Amazing – a sports executive who is wise and kind.

 

Still, there are dire times for minor-league baseball. Big-league front offices are already eliminating some of their lower-class farm teams and that seems to be the trend now. Whether or not that eventually impacts the Blue Rocks remains to be seen – they’ve more successful than most at the box office, but they are just a Class A team.

But no matter what happens, we’re also luckier than most – if the Blue Rocks do close up shop at some point, we’d still be able to take a short drive up I-95 and watch the Phillies, although it will cost a lot more in ticket prices, parking and concessions.

The demise of minor-league baseball would have a bigger impact on baseball fans in small towns in the South and Midwest, where the closest major-league teams are hours away.

Those fans have developed a bond with their local teams, a bond that has lasted for generations and goes back to the time before you could watch a million games every night on cable or satellite TV. I’ve never been a huge fan of the movie Bull Durham, but that film does give you an idea of what it’s like to follow a minor-league team when you live in a minor-league town.

 

The Blue Rocks and their fans have a nice relationship, but it’s hardly fanatical. For one thing, it’s hard to identify with the players when they’re generally with the team for just one season and then either get promoted to Double-A ball or get a pink slip. Fortunately for the Blue Rocks, attendance at Frawley Stadium has never depended on the Carolina League standings. Fans like rooting for a winner, but when it comes to the Blue Rocks, that’s secondary to the atmosphere and affordability you get from a Blue Rocks game.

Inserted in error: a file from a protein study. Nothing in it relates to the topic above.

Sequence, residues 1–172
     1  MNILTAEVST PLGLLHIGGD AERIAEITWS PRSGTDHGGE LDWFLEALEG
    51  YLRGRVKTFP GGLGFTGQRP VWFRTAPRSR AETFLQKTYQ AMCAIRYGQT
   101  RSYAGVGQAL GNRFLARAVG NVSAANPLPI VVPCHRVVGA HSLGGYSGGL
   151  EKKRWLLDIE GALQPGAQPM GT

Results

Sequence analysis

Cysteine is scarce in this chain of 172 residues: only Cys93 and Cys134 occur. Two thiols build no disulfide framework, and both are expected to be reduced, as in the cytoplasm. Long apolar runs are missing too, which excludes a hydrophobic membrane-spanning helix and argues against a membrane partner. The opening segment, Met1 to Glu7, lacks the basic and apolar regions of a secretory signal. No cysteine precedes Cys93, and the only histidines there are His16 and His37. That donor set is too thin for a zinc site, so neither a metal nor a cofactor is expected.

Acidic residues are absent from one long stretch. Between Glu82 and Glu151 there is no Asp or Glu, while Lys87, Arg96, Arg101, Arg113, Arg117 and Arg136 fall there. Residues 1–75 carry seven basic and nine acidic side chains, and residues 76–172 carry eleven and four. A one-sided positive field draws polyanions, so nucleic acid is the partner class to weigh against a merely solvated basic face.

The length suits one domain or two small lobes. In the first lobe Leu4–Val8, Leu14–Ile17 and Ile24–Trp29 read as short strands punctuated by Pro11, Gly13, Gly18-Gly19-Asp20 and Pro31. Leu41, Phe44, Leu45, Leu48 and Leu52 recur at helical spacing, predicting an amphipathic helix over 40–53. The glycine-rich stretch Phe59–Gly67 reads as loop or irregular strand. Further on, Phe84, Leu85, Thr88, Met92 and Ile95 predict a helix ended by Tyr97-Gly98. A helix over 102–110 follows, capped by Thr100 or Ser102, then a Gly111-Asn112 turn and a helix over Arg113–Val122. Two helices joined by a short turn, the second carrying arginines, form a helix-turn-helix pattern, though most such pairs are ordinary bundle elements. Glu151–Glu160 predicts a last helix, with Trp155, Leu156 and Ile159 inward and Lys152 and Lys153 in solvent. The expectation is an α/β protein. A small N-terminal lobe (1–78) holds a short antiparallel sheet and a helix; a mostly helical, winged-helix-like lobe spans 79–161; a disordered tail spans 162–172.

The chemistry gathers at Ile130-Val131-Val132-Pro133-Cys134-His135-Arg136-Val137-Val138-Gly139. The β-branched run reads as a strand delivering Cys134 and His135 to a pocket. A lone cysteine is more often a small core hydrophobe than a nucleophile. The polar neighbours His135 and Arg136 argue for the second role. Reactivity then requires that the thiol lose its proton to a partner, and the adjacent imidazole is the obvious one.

We’ve written this before, but there can be 3,500 fans in the stands for the start of a Blue Rocks game and 500 when the seventh inning finally rolls around. By that time the kids have already ransacked the concession stands and your wallet is empty, plus the kids are getting bored and antsy, and the grown-ups have to get up early for work the next morning, so we might as well leave now…

And it doesn’t matter if it’s a 2-1 game or a 21-20 game with first place on the line, it’s time to go.

That’s the beauty and the convenience of the minor-league life. It’s something Wilmington has gotten used to over the last 27 years, and now we don’t know how long much longer it will last.


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About the Contributor

Kevin Noonan

Kevin Noonan

Kevin Noonan has covered and commented on the Delaware sports scene for more than 30 years, everything from amateur recreation leagues and high schools to local colleges and the Philadelphia professional teams. He’s been voted Delaware Sportswriter of the Year multiple times and currently covers the Philadelphia Eagles for CBSSports.com and teaches creative writing courses at Wilmington University.